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SC sends Ayodhya dispute for in-camera mediation--- 3 member panel formed

SC sends Ayodhya dispute for in-camera mediation

Swami Chakrapani, president, Akhil Bharat Hindu Mahasabha, flashes victory sign after Supreme Court sent the Ayodhya title dispute for mediation.
Swami Chakrapani, president, Akhil Bharat Hindu Mahasabha, flashes victory sign after Supreme Court sent the Ayodhya title dispute for mediation.   | Photo Credit: Sandeep Saxena

Supreme Court appoints panel of mediators, including former apex court judge, Justice F.M.I. Kalifulla; spiritual leader Sri Sri Ravi Shankar; and senior advocate Sriram Panchu.

A five-judge Bench led by Chief Justice of India Ranjan Gogoi sent the Ayodhya dispute for mediation in a bid to heal minds and hearts.
The Supreme Court on Friday appointed a panel of mediators, including former apex court judge, Justice F.M.I. Kalifulla, as Chairman, spiritual leader Sri Sri Ravi Shankar and senior advocate Sriram Panchu, a pioneer in alternative dispute resolution mechanisms in the country.
The Ayodhya dispute mediation would start in a week’s time in Faizabad district in Uttar Pradesh of which the disputed area in Ayodhya is a part of.
The mediation proceedings would be held in-camera. Stressing the need for “utmost confidentiality” in the conduct of the mediation to ensure its success, the court went to the extent of opining that the media should refrain from reporting on the mediation proceedings.
“We are of the further opinion that while the mediation proceedings are being carried out, there ought not to be any reporting of the said proceedings either in print or electronic media,” the order said.
However, the court stopped short of passing any specific gag order on the media and left it on the mediators to pass “necessary orders in writing, if so required, to restrain publication of the details of the mediation proceedings.”
The time given for mediation is eight weeks, but the court urged the mediators to “conclude at the earliest.” The mediators would have to file a status report in the court in four weeks.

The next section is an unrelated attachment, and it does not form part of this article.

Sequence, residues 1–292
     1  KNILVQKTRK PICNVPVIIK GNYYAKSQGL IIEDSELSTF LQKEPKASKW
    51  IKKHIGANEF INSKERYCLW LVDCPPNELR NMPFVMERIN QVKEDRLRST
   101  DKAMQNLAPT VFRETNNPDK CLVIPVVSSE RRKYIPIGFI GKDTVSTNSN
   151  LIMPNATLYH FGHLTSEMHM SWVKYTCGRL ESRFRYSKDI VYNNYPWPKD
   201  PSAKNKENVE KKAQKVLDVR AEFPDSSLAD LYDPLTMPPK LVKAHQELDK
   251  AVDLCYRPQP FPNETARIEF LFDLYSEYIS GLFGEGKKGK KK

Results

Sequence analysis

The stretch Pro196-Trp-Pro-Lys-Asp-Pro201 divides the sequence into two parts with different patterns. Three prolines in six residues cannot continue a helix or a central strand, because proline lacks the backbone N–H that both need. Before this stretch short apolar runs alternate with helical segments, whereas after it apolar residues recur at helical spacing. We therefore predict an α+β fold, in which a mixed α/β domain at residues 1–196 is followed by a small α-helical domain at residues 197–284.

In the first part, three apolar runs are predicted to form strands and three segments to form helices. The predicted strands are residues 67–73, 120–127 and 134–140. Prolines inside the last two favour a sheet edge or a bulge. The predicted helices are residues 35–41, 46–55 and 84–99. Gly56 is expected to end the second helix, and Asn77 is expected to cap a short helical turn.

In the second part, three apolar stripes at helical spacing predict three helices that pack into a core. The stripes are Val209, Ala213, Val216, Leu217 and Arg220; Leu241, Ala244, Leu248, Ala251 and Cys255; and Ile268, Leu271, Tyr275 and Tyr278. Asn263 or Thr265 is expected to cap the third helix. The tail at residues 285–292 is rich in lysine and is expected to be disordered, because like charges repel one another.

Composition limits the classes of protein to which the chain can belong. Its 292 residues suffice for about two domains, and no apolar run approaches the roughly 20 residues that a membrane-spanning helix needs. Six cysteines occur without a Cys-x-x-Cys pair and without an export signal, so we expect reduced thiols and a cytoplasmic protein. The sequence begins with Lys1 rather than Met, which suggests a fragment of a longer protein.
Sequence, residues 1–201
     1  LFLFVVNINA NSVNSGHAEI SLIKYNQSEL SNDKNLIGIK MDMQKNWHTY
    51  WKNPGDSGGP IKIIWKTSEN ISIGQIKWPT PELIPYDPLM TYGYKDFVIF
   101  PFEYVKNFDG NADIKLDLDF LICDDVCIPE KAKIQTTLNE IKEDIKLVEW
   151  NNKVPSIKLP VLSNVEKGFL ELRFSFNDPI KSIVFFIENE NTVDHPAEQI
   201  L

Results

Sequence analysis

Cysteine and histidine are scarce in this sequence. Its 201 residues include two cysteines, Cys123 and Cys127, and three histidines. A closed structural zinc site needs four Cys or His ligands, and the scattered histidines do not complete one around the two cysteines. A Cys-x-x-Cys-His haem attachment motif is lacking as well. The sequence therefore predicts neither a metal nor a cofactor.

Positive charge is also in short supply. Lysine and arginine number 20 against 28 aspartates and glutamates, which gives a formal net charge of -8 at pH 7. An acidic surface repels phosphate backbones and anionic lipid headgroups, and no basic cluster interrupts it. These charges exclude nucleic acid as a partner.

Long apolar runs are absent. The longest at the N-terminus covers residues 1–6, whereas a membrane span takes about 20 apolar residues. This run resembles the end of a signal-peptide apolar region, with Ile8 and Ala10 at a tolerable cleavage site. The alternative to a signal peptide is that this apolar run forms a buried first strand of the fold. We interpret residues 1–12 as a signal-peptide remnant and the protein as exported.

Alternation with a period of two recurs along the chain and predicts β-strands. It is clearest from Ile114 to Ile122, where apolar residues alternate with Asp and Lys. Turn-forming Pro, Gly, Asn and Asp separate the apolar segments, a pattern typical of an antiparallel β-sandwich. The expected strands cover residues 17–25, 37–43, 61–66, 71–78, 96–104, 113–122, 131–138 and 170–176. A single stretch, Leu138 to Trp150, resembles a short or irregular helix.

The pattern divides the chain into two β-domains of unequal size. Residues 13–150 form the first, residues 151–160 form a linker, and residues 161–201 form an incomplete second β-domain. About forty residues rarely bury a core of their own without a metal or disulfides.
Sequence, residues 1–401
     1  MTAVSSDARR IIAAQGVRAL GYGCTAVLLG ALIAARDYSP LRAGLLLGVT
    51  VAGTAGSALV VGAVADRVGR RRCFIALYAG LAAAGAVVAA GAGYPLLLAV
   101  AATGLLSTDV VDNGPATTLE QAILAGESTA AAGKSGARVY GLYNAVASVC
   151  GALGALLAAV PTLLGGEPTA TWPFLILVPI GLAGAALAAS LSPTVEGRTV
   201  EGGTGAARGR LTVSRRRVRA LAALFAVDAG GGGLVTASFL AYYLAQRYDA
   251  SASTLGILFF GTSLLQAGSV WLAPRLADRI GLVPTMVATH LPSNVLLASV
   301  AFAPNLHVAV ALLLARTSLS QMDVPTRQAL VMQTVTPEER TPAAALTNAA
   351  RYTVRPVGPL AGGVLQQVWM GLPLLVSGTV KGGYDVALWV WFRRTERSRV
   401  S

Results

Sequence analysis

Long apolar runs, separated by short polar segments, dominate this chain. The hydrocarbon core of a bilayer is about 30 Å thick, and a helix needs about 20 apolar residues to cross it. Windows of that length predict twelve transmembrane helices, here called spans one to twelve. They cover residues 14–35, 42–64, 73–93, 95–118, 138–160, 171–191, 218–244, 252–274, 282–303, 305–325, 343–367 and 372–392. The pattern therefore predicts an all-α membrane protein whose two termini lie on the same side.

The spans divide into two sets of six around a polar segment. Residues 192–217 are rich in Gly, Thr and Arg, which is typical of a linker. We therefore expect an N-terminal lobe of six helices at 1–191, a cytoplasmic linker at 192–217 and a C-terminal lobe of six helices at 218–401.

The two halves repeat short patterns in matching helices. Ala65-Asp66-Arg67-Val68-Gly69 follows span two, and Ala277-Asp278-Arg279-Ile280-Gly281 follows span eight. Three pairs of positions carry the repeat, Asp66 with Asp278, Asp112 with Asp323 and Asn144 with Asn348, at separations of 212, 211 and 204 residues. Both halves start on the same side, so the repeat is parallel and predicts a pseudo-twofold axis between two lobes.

Eight weeks

This eight weeks is the time given to the Muslim parties to examine the accuracy and relevance of the Uttar Pradesh government’s official translation of thousands of pages of oral depositions and exhibits in the Ayodhya title suit appeals pending since 2010 in the apex court.
In fact, the court had invoked Section 89 of the Civil Procedure Code (CPC) to propose mediation as an “effective utilisation of time” during the interregnum. The CJI had expressed hope that mediation may spell a peaceful end to the volatile dispute between the members of the two religious faiths.
The court has pushed for a possible out-of-court settlement despite objections raised by some Hindu parties that their faith in Lord Rama’s birthplace is “non-negotiable.”
“Notwithstanding the lack of consensus between the parties in the matter we are of the view that an attempt should be made to settle the dispute by mediation,” the court observed.
The court brushed aside the objections raised by several parties, including that public notice should be issued as the dispute affects the religious sentiments of Hindus and Muslims across the spectrum. They had quoted Order 1 rule 8 and Order 23 rule 3-B of the CPC, both of which mandates that all stakeholders should be issued notice in a “representative suit.”
But both Justices Ashok Bhushan and S.A. Bobde had prima facie shot down the argument, saying the provisions deal with procedure at the time of institution of a suit and not in the appellate stage, that too, in the Supreme Court. Justice Bobde said if the private appellants had represented the two faiths in the lower courts, it could very well do so in the process of mediation.
“We do not find any legal impediment to making a reference to mediation for a possible settlement of the dispute(s) arising out of the appeals,” the Supreme Court held in its order.
It said the question whether any of the CPC provisions would apply here is left open open to be decided later at the “appropriate stage.”

The court said the Ayodhya dispute mediators could co-opt more on the panel if necessary and take whatever legal assistance required for them.

Justice S.A. Bobde, on the Bench, had put matters in perspective by observing that the Ramjanmabhoomi-Babri Masjid case “is not about the 1500 sq.ft. of disputed land, but about religious sentiments. We know its impact on public sentiment, on body politic. We are looking at minds, hearts and healing if possible.”

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